Animal injuries that once might have been elusive also are easier to locate because infrared cameras have become sharper and less expensive.
“If an animal is limping, we can see when it happened and what caused it,” Mr. Kaemmerer said. “Before, the vet would palpate to try to find it, but the camera shows exactly where the inflammation is.”
In recent weeks, cameras have been trained on the red pandas because their breeding season is approaching. The film sequence at 6:45 a.m. on March 6, just after dawn, showed one chasing the other through their exhibit.
The No.1-selling plush toy in the zoo’s gift shop, the red panda got its name because, like the giant panda, it eats bamboo and can hold a bamboo stalk between its thumb and its paw. They aren’t otherwise related, Mr. Kaemmerer said.
The red panda looks like a cross between a chow puppy and a raccoon. It blows the top off the cuteness meter. Conversely, rhinos don’t draw coos or cries of “awwww” from visitors, but the people who take care of them know how precious they are.
“They are so smart,” Ms. Suthard said. “People think because they look prehistoric they aren’t [smart]. But they are easily trained and learn fast.” Her eyes got misty. “And if I had grandkids, they’d never see them in the wild.”
Both black and white rhinos are endangered. Azizi’s calf is the third to have been born in North American zoos since last year. The Northern white has three specimens left, under guard in Kenya. They have all suffered habitat loss and have been poached for their horns for export to Asia, where rumors about their medicinal value have made rhino head harvesting lucrative. The horns are actually similar to very tough toenails.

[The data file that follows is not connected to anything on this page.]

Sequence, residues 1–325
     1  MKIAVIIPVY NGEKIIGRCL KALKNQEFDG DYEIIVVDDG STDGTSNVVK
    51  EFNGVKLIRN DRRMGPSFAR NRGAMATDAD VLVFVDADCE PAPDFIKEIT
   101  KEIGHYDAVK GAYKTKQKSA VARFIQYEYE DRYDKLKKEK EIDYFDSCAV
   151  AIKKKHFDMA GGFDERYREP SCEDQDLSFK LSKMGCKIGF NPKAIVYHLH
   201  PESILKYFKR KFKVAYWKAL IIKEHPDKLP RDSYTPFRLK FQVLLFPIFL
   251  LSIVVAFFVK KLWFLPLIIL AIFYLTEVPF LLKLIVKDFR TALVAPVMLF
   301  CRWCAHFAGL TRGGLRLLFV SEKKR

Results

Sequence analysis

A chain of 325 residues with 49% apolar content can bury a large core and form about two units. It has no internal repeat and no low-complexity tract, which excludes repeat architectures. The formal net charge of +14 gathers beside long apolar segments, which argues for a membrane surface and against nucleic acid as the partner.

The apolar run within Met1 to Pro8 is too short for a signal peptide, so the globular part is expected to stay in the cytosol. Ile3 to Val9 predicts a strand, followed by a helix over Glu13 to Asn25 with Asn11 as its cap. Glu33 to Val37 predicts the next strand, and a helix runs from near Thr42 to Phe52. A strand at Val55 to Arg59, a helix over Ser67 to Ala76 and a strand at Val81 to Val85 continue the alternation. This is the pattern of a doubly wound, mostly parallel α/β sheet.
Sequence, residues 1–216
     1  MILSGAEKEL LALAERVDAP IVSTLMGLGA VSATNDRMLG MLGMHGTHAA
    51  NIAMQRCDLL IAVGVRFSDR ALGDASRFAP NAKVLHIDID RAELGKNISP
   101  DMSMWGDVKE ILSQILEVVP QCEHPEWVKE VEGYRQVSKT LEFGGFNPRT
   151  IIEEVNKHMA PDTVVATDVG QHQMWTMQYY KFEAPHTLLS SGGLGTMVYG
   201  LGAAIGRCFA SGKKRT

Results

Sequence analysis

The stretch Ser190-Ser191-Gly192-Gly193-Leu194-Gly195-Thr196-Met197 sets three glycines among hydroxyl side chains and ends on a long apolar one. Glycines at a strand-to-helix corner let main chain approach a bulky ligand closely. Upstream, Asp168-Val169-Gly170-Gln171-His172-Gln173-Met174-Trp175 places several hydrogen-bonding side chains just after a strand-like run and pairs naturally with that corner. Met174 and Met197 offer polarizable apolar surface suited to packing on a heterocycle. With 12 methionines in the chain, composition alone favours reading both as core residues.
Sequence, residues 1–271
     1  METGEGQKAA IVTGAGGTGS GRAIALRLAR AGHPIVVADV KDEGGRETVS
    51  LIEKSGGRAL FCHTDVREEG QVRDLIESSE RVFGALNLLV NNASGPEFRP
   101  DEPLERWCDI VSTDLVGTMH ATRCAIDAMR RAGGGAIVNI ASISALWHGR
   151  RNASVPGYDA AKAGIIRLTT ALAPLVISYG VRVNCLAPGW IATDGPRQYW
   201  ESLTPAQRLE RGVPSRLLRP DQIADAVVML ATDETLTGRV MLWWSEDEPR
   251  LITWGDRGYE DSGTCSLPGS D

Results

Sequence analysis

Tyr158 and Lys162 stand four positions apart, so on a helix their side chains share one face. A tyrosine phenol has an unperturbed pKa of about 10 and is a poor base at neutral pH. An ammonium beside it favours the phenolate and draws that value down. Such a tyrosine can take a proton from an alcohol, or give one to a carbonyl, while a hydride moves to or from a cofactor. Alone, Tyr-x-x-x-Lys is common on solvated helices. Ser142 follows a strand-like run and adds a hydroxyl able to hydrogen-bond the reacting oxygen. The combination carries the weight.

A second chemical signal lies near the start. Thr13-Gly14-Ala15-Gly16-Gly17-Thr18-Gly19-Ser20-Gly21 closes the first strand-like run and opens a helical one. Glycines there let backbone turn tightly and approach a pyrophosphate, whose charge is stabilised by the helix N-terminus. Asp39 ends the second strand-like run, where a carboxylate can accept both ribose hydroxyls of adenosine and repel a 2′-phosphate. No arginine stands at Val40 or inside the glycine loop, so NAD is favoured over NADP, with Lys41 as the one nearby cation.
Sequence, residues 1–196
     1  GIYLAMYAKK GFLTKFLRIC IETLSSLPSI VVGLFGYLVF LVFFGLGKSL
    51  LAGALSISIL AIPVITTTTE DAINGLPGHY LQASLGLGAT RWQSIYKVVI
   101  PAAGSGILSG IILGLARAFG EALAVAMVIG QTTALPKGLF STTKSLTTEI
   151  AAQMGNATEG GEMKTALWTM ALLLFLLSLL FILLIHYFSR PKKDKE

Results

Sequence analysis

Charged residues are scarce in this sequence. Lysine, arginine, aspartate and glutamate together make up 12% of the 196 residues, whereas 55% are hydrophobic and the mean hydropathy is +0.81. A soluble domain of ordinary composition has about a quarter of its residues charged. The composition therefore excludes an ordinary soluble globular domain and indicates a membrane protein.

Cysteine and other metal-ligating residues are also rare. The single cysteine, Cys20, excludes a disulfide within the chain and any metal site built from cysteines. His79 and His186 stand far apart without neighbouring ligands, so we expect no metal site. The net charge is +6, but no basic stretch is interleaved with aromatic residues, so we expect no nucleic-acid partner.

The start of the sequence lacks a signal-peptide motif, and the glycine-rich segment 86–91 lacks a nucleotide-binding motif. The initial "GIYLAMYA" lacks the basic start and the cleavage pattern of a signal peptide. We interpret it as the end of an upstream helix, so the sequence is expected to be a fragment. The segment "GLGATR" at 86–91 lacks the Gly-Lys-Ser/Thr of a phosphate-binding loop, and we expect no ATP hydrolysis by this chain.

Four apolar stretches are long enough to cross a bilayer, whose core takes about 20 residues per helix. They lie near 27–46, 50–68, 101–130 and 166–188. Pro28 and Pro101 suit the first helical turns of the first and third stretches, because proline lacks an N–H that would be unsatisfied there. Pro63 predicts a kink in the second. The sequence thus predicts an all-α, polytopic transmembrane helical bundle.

Conservators in the zoo’s projects in Africa think they might be able to turn the tide on rhino killing, encouraging locals to see that conservation makes tourism a more sustainable livelihood, said Joe Gaspard, director of science and conservation.
“People will pay to see them and take their pictures,” he said.
Camera technology is giving wildlife conservators better tools for monitoring animals in the field, too, through what they call critter cams that are attached to the animal with a collar.
For instance, tree kangaroos live so high up in foliage that only a collar camera can reveal how they behave and react to what they see, Mr. Kaemmerer said, adding, “We can see the world as they see it.”
Cameras are installed after wild animals are darted. When they come to and move off, they shouldn’t know they are wearing anything. The camera should be less than 5 percent of the animal’s body weight “so it doesn’t affect the natural behavior,” he said.
Dr. Sturgeon said the best technology still depends on the correct human interpretations of the information it provides. Radiology is digital, making dip tanks unnecessary. Ultrasound probes now come in seven sizes. Endoscopes are flexible. Surgical lights are all LED bulbs. All of these advances provide sharper images
“But it always comes down to having a great technician by my side and the power of observation,” she said. “I depend on technology every day, but I don’t check in” on the monitors much.
Dr. Sturgeon said having the cameras were a big benefit to zoo staff as they monitored Azizi throughout her pregnancy.
“Azizi’s my girl,” she said, smiling. “She always seems glad to see me, and I whisper the same thing in her ear: ‘I love you mama.’ ”
Diana Nelson Jones: firstname.lastname@example.org or 412-263-1626.